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FORT LAUDERDALE, Fla. — (Mealey’s) A state court jury awarded $1,028,000 Aug. 7 to the estate of a woman who developed constructive obstructive pulmonary disease (COPD) and lung cancer after 52 years of smoking (Lillian Kaplan v. R.J. Reynolds Tobacco Co., No. 08-19469, Fla. 17th Jud. Cir., Broward Co.).
A jury sitting in the 17th Judicial Court for Broward County found that Lillian Kaplan was addicted to cigarettes manufactured by R.J. Reynolds Tobacco Co. and that her addiction was a legal cause of her lung cancer. The jury also found for the estate on the questions of misrepresentation and conspiracy and found that punitive damages are warranted. The jury began hearing testimony in the Phase II punitive damages phase shortly after returning its verdict.
The case is part of the Engle class action, which was decertified after trial and a $145 billion verdict in 2006 by the Florida Supreme Court (Engle v. Liggett Group Inc., 945 So. 2d 1246 [Fla. 2006]) [enhanced opinion available to lexis.com subscribers] | Lexis Advance]. The court allowed approximately 700,000 class members to pursue individual claims using findings of fact from the original Engle trial.
The verdict included $228,000 in medical expenses, $400,000 for past noneconomic damages and an equal amount for future noneconomic damages. Kaplan and Reynolds were each assessed 50 percent reponsibility for her injuries.
Kaplan began smoking in 1941 at age 12, eventually smoking up to two packs per day. She quit in 1994 after being diagnosed with COPD. She suffered a stroke in February 2010, was diagnosed with lung cancer in April 2012 and died the following September at age 83. The suit, brought on behalf of Kaplan’s estate by her daughter, Sharon Block, alleged that the tobacco industry concealed the health effects of smoking from the public, including Lillian Kaplan.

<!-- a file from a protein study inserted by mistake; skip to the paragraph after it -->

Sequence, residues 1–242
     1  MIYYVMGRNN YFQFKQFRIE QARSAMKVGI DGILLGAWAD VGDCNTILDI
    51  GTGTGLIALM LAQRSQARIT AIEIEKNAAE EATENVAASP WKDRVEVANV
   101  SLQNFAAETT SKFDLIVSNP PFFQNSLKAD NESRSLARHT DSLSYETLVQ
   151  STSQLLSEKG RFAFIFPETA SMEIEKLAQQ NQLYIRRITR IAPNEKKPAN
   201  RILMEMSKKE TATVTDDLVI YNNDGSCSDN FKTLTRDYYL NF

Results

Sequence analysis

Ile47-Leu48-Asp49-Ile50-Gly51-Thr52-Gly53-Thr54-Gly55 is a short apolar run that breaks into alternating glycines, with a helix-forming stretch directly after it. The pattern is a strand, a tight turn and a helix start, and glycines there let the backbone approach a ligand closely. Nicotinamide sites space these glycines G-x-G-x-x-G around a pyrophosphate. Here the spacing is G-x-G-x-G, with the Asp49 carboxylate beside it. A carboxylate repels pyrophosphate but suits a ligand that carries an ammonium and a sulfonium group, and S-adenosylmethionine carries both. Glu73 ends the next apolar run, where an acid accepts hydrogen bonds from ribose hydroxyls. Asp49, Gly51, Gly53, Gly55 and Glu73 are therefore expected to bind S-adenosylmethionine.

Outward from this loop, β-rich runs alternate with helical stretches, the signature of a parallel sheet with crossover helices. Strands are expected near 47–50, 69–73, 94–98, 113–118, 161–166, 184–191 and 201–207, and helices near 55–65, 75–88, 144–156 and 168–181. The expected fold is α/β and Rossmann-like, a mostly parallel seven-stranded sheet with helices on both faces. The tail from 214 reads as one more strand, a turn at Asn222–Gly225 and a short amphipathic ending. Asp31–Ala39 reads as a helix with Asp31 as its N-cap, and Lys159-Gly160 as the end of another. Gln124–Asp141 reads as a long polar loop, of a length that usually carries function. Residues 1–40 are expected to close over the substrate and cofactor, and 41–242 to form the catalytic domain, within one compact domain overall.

In his closing statement, Todd McPharlin of Kelly Uustal in Fort Lauderdale, representing the estate, outlined the impact of Kaplan’s condition on her daily life.
(Watch a video excerpt of McPharlin’s closing statement.)
“She was diagnosed in 1994. She was put on oxygen. She was routinely diagnosed with severe airflow limitation — severe airflow limitation. She was routinely, at one point, placed on oxygen. She talked to you [in recorded depositions] about how limited her life was. It’s not how her life was supposed to be. It’s not the life she expected. It’s not the life she set out for. It’s certainly not the life she knew she was going to get when she was 12 years old, 17 years old. But that’s the life that she had. And that’s what you have to consider in determining what her damages are,” McPharlin said.
Representing Reynolds, Emily Baker of Jones Day in Atlanta told the jury that the suit is barred by the statute of limitations because Kaplan should have known that her condition was related to smoking before May 5, 1990, the applicable date for inclusion in the Engle class.
(Watch a video excerpt of Baker’s closing.)